by stating that police had lodged the FIR on its own, proves volumes

about the act and conduct of the wife. Not only this, a complaint under

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the Domestic Violence Act is also pending consideration before the

criminal courts.

Not only this, the allegation of abortion as levelled against

the husband were rightly found to be incorrect by the Ld. Trial Court

because in the cross-examination, wife has admitted that there were

complications in the pregnancy and still she preferred to leave for

Kerala where pregnancy was ultimately terminated. It is on record that

husband has been providing the wife with money to buy the tickets or

has been by giving tickets to the wife for going to Kerala time and

again. In fact, it seems that it was the wife who was adamant to leave

for Kerala despite there being complications in pregnancy and despite

being a doctor herself (a gynaecologist) and thus, it cannot be accepted

that she did not know what could be the repercussions for travelling

with such complications in pregnancy. Consequently, it cannot be

entertained that husband or his family had anything to do in the

termination of the pregnancy as alleged by wife and thus, false

allegations were leveled against him.

It has further come on record that despite husband shifting

his matrimonial home in Sector 4 Panchkula, a brawl took place in the

house of parents of husband at Sector 2 Panchkula, for which a PCR

was called and the parents and husband had to face harassment and

embarrassment before the neighbours. Once, wife had been provided

with a separate matrimonial home, it is completely unjustified for her to

go her parents-in-law’s home and create a scene there. Not only this, it

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has also come on record that aged parents of husband had to file a suit

for permanent injunction, so as to restrain the wife from entering their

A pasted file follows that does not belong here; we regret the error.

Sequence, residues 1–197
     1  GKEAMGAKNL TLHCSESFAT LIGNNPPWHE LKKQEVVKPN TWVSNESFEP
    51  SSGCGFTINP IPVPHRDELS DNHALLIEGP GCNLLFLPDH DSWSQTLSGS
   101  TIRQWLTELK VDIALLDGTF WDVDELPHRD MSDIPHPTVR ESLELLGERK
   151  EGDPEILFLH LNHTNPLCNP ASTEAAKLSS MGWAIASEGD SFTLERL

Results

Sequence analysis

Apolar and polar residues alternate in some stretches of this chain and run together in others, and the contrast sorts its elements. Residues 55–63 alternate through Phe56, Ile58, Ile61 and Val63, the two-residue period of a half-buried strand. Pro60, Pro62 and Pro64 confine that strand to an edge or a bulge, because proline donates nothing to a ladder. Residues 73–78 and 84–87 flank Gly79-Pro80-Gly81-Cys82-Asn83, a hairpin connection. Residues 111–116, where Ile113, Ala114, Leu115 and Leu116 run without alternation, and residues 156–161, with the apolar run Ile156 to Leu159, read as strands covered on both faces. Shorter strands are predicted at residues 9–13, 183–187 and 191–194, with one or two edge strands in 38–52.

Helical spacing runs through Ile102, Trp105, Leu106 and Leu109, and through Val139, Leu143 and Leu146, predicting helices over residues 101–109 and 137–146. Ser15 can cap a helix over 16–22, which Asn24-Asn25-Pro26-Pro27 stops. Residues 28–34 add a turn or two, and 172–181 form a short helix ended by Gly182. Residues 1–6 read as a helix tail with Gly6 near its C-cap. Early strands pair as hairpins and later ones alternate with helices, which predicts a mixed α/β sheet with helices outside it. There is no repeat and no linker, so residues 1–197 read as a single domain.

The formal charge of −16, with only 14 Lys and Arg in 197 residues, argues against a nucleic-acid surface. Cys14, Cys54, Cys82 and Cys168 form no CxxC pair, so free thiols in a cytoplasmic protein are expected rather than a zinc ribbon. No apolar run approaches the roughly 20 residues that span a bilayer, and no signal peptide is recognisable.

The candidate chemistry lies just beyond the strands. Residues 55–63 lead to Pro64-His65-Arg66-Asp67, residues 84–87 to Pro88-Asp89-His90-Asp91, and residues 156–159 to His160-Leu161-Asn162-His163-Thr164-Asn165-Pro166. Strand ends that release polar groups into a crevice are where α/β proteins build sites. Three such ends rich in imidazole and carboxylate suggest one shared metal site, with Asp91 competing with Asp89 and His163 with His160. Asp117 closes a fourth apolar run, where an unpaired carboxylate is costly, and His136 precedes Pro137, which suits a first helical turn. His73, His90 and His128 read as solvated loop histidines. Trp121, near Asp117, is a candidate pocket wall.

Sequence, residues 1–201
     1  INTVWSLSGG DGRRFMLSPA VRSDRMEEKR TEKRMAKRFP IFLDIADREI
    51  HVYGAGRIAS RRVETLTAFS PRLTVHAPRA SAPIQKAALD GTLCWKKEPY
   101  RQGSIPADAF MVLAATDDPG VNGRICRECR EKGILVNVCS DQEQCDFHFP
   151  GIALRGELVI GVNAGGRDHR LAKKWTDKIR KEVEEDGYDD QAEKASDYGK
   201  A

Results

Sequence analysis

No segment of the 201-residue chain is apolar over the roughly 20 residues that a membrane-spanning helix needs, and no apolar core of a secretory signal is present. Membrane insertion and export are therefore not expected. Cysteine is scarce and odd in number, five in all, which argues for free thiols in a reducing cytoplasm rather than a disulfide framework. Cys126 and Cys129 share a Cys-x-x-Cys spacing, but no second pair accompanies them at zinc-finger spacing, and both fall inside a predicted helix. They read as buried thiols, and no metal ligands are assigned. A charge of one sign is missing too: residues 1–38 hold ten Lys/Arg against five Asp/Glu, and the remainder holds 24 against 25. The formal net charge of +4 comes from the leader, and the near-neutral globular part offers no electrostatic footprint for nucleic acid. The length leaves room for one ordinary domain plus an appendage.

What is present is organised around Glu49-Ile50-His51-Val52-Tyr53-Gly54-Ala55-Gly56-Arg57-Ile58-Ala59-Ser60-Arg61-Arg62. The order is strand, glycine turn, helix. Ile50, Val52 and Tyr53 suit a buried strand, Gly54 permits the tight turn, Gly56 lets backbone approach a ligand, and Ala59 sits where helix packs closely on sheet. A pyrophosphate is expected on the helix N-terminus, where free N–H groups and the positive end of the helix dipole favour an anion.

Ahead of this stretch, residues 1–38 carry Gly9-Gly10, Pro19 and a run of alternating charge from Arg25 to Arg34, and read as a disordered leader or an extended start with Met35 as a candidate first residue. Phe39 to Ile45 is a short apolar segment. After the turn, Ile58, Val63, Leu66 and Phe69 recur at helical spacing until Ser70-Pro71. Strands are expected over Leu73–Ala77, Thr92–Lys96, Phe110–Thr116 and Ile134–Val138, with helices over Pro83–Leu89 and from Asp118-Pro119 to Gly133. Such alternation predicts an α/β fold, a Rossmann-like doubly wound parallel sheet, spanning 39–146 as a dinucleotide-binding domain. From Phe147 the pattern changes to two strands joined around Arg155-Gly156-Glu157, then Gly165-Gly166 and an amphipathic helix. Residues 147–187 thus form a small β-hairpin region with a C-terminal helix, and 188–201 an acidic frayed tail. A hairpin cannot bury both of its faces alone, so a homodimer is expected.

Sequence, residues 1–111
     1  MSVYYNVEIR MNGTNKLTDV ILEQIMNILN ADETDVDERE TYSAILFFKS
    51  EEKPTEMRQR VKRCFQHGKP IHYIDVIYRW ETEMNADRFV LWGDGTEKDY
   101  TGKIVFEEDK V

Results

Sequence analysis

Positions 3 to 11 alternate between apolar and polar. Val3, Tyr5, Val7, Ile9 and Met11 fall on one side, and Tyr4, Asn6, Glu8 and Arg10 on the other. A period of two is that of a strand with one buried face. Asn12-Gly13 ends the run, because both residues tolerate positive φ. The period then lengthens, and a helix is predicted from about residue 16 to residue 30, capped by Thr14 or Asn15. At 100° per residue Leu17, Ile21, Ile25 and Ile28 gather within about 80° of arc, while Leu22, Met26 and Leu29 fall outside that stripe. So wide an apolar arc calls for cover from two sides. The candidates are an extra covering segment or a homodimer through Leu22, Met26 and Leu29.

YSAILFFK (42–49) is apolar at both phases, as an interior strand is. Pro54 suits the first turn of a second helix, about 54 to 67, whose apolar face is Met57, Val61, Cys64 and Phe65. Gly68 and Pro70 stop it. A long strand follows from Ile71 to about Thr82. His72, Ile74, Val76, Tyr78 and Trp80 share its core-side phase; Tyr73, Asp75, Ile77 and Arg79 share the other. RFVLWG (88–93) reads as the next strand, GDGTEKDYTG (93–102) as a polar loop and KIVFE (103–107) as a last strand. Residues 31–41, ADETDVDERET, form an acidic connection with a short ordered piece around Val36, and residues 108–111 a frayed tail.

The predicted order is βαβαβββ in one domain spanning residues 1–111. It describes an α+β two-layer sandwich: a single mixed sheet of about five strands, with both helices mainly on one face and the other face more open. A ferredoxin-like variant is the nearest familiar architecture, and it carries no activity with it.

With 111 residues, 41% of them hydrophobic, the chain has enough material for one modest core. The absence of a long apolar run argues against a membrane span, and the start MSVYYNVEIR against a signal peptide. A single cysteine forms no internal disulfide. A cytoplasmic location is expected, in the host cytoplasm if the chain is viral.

house in Sector 2 Panchkula (Ex P-35).

In this way, it has, clearly been established on record that the marriage

between the parties is all but over and appellant-wife has been

subjecting the husband-respondent with mental cruelty to such an

extent that he has a valid reasonable apprehension in residing with

wife-appellant as harm or injury can be caused to him. It must be kept

in mind that the present appeal is being decided by keeping into

consideration the ingredients of Section 10(x) of 1869 Act, as per

which a reasonable apprehension is enough.

9. To the mind of this court, married life is required to be

reviewed as a whole and the conduct must be persistent for a fairly

lengthy period and where the relationship has deteriorated to an extent

that because of the action/ behaviour of a spouse, the wronged party

finds it extremely difficult to live with the other party any longer, then,

this must tantamount to be ‘reasonable apprehension’ for being caused

harm or injury. Since, in the present case, there is enough evidence on

record to show incidents of harassment as well as criminal litigation

pending between the parties, it is a fit case where divorce is required to

be granted. Another factor that weighed heavily in the mind of this

court is that it stands established that both the parties, well placed

doctors, have been living separately for the past four years and there

seems to be no possibility of rehabilitation.

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10. Thus, keeping in view the totality of the facts and

circumstances of the case in hand and especially keeping in view the

definition of Section 10(x) of the Divorce Act, 1869, this court is of the

confirmed opinion that the respondent-husband has been treated to

such cruelty which has caused a reasonable apprehension in his mind

that it would be harmful or injurious for him to live with the appellant-

wife. Accordingly, I affirm the findings returned by the learned trial

Court and dismiss the present first appeal, being without any merit.

November 3rd, 2017
Whether speaking/reasoned Yes/No
Whether Reportable Yes/No